Cranes are absolute record holders. Crowned cranes are the direct descendants of the earliest known birds: their fossil remains are dated back to the early Eocene (more than fifty five million years ago).
The Canadian crane (Grus canadensis) beats all records of the bird kingdom in the category “species that survived all others”: a foot bone found in Nebraska that is at least nine million years old is indistinguishable from the bone of a modern Canadian crane. The oldest bird is a Siberian white crane (Cms leucogeranus), a Siberian crane Wolfe, kept in the International Crane Foundation, died at the age of eighty-three in 1988.
With an increase of six feet, the Indian cranes (Grus antigone) are the tallest of all flying birds, and the gray cranes (Grus grus) fly above all others: the height of their flight reaches 32,000 feet. At such an altitude, they are completely invisible from the ground, but they are very well audible – they are loud-voiced.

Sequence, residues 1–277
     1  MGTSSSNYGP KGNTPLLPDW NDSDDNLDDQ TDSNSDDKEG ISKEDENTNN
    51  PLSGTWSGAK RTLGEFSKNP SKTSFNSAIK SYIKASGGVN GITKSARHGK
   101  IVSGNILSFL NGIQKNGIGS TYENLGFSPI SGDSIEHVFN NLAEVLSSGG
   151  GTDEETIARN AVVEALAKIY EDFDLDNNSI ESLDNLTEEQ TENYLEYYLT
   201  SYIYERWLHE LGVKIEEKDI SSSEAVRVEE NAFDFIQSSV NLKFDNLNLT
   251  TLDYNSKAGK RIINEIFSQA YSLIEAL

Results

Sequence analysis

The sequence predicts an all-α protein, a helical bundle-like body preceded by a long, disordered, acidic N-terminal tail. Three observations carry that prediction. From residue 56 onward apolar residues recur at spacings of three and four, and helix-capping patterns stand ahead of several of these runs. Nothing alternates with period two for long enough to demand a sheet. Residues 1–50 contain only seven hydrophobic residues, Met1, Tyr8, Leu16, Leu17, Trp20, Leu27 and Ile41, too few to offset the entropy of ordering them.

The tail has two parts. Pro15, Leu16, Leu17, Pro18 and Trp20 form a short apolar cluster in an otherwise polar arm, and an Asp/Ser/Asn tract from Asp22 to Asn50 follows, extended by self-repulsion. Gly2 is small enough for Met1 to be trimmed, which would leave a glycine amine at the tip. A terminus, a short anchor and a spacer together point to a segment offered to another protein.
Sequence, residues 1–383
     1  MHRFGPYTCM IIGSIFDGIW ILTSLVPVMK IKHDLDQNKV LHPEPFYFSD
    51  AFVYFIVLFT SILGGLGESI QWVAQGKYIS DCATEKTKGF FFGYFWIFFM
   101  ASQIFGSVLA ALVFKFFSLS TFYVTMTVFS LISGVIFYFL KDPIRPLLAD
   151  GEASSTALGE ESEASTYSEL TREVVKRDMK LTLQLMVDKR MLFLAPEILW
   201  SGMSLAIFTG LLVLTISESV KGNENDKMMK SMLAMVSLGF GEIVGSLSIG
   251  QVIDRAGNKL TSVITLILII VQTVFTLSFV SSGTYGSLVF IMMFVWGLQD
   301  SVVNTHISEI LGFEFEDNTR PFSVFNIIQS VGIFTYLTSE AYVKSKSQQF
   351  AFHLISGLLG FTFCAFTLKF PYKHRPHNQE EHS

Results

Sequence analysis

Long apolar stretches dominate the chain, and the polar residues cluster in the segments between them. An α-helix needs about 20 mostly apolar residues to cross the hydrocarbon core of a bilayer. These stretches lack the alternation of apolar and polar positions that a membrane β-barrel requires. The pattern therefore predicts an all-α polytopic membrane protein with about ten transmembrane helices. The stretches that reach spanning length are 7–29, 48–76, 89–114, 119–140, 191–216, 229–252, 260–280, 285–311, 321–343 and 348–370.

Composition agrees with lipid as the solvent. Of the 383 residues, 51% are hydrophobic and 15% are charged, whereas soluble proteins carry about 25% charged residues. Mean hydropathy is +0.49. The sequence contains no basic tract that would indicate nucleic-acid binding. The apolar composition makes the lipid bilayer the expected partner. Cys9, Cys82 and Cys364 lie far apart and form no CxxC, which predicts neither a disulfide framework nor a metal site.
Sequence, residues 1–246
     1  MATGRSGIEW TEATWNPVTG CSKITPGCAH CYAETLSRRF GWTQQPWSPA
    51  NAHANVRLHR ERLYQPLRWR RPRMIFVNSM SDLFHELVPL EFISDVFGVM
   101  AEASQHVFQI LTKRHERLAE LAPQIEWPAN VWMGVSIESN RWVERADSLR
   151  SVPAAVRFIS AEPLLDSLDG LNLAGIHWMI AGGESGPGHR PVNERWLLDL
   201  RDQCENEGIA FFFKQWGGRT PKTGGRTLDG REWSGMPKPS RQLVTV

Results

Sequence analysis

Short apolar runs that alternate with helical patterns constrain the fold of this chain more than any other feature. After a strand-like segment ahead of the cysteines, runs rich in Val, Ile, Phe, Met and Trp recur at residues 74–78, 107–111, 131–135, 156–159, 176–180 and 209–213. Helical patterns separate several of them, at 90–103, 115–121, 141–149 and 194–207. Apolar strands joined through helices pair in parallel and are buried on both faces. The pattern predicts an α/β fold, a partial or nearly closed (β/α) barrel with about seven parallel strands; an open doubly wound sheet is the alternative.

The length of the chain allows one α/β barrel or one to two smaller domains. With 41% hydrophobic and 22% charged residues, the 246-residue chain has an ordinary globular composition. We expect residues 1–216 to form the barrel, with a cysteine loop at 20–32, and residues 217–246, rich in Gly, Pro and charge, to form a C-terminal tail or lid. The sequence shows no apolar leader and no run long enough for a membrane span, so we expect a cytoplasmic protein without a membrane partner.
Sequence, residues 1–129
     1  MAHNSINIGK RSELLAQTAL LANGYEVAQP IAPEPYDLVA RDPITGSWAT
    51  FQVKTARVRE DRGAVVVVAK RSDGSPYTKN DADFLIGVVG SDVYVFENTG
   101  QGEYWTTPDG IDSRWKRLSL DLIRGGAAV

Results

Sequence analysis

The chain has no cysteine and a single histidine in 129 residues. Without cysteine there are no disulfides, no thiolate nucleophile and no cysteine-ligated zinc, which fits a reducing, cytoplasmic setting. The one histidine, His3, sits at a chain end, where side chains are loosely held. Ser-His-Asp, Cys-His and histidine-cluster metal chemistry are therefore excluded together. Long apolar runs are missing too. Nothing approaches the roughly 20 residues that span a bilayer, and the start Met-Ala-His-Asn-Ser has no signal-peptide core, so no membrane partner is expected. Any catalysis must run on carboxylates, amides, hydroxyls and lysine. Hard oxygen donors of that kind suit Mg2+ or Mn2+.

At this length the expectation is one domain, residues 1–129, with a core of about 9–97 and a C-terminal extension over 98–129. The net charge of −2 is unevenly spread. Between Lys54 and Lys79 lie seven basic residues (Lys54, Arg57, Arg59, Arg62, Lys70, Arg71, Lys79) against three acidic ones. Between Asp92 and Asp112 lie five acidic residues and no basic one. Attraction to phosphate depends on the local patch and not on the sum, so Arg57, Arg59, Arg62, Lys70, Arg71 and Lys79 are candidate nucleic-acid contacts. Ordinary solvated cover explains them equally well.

In total, there are fifteen species of cranes, and they can be found almost everywhere, except for South America and Antarctica. The beauty and grace of these birds have always led people into admiration, regardless of culture. The images of cranes appear in prehistoric rock paintings, and Homer in the Iliad describes the cry of a crane pack. According to the myths of Ancient Rome, it was the outlines of the flying wedge of the crane that inspired the god of Hermes to create the first letters and the invention of writing.
Cranes are almost like us people. They are sociable, mostly monogamous and spend many years on raising their offspring. They have a long memory and a complex communication system, using more than ninety different sounds and body movements.